Sioux Falls’ George McGovern Middle School is close to many students’ homes, which is probably why kids want to walk there. Image: KSFY
Network blog the MinusCar Project reports that a new school recently opened in Sioux Falls, South Dakota, along two busy thoroughfares that have no sidewalks. A local TV station explains that children are still walking to the middle school because it’s close to their homes, which has parents concerned for their safety.
Here is the principal’s solution:
“[W]e’re trying to problem solve and trying to figure out how to best bus 100% of our student population.”
Principal [LaVonna] Emanuel wants all students to be safe and if anyone is walking to school, wants to find out why.
“We would definitely want to work with the family find out what’s going on, did the child miss the bus? Just what’s going on,” she said.
Granted, Principal Emanuel likely had no say as to whether sidewalks were installed — the school district says that was up to the city — and to her credit she says she wants the school to function as a “neighborhood school” soon. But parents wonder why proper infrastructure wasn’t built at the outset. Said one: “I’m glad they have school buses for everybody, but they should still have it set up so kids can walk. They did take the time to pave the roads and everything around this area that have been dirt and gravel roads. So I think they should take the time to at least put up some sidewalks.”
Elsewhere today: Delaware Bikes reports that a study ranked the First State the country’s most dangerous for pedestrians. The author of Transitized explains how he moved across the country with the help of Amtrak. And Better Cities & Towns offers 12 steps for cities looking to reduce pedestrian deaths.
SF police have arrested 25-year-old Lorysha Gage for leaving two-year-old Mi’yana Gregory in the downtown crosswalk where she was run over and killed last Friday night. Even as police seek the driver who struck Gregory and fled the scene, Gage is set to be arraigned tomorrow on charges of “felony child endangerment, with an enhancement allegation for causing death.”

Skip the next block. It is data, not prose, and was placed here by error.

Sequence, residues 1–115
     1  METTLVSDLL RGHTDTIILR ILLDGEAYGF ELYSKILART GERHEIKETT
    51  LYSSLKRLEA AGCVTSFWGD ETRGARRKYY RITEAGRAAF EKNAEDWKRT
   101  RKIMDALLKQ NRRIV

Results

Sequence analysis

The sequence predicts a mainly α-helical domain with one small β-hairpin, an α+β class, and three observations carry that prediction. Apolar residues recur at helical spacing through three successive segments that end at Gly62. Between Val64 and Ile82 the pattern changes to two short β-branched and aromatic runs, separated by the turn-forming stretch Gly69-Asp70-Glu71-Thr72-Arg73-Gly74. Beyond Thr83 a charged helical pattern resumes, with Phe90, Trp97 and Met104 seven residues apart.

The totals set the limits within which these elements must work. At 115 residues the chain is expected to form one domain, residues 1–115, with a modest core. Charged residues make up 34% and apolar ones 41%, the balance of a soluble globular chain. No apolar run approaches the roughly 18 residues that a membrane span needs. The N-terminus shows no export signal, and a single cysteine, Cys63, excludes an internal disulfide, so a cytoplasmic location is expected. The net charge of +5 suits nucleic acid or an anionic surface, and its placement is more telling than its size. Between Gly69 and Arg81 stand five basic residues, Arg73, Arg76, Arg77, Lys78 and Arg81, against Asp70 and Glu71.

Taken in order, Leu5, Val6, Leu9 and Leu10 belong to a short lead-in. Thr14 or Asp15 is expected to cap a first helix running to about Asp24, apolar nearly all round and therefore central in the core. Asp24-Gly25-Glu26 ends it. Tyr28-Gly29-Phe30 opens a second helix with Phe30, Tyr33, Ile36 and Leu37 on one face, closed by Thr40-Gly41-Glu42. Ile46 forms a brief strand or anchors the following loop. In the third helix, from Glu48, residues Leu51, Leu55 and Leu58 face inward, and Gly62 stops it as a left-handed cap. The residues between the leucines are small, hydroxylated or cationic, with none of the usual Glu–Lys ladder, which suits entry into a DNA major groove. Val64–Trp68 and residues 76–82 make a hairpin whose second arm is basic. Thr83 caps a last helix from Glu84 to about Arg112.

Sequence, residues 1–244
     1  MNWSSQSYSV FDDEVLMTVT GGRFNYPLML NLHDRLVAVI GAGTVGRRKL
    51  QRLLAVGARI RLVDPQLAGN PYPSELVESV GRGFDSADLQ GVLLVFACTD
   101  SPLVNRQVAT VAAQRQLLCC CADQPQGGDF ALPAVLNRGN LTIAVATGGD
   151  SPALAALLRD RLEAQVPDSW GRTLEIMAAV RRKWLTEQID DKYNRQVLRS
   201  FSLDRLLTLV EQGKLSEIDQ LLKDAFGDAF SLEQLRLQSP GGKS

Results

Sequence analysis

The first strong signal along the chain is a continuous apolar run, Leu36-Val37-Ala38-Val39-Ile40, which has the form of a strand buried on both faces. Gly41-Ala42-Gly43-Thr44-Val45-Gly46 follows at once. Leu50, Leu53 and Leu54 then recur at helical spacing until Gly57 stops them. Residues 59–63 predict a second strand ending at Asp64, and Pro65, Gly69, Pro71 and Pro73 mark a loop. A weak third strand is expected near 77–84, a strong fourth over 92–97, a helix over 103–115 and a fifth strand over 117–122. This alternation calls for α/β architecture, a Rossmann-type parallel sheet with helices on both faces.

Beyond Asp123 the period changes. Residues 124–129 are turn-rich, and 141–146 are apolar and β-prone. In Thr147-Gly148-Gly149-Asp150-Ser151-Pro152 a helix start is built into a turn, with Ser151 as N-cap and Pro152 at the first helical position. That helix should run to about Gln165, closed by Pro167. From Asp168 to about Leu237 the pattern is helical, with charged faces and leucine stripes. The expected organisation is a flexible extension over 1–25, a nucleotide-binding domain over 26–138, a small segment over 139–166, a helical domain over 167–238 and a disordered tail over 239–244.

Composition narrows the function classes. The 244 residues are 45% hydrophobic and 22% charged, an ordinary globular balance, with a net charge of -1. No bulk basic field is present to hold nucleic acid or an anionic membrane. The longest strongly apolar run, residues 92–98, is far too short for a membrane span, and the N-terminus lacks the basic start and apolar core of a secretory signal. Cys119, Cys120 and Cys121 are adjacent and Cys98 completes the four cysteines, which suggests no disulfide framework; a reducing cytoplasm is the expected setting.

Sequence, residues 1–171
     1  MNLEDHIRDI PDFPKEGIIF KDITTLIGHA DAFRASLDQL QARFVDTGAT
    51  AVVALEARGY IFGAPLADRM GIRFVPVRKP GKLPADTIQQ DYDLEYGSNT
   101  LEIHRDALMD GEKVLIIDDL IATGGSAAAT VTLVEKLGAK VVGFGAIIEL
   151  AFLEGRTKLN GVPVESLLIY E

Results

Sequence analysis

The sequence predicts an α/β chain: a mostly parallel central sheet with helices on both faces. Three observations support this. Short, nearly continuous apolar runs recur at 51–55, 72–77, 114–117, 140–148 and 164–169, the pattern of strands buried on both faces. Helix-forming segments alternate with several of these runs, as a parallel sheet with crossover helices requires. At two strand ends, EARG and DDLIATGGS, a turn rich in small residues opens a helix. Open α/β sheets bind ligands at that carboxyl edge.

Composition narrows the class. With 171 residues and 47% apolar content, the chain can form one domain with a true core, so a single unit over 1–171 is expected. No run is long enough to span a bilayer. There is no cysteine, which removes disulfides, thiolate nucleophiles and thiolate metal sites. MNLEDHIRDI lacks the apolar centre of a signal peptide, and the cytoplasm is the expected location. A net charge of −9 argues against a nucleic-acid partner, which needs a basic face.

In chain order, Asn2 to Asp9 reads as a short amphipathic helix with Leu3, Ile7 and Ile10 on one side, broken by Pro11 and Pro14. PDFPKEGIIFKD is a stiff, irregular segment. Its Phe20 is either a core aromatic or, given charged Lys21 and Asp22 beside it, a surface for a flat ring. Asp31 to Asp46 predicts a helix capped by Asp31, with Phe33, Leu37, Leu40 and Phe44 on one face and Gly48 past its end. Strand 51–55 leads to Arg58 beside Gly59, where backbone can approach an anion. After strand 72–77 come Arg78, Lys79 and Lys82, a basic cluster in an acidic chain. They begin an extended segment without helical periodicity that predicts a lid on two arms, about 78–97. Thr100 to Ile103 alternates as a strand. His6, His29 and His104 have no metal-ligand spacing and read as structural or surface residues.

Media reports initially quoted family members saying Gage had the walk signal when she crossed Mission in the crosswalk between Fourth and Fifth Streets, with Gregory and her twin brother in tow. The SFPD now says Gage was crossing against the signal, had left Gregory in the street unattended to retrieve her brother from the sidewalk, and that the driver had a green light.
“The investigation showed some evidence that there was some child neglect that resulted in the death of the two-year-old toddler,” SFPD spokesperson Albie Esparza told KTVU.
On the day of the arrest, SFPD Sergeant John Bragagnolo targeted citations towards “jaywalking” pedestrians at the crosswalk where Gregory died, telling KTVU he pointed to Gregory’s memorial when ticketing them.
“Pedestrians feel their speed and their hurry is more important than their safety,” Bragagnolo said.
Putting aside generalizations about the feelings of people who walk, this is an unusual case among pedestrian crashes: The SFPD’s data show that the top five causes are all driver violations, which the SFPD has pledged to focus enforcement on. In May, however, we reported that although SFPD’s “Focus on the Five” citations were reportedly increasing, its tickets issued to people walking and biking were increasing far faster. After a peak of 723 citations issued to pedestrians in March [PDF], the monthly number dropped at 444 in June [PDF], the latest month for which citation data has been reported.
Police say it’s unclear whether the driver who caused Gregory’s death was even aware he or she had run over an infant.
Walk SF Executive Director Nicole Scheider said “it’s a really challenging case, in that the arrest is broader than just an issue of pedestrian safety at this point.”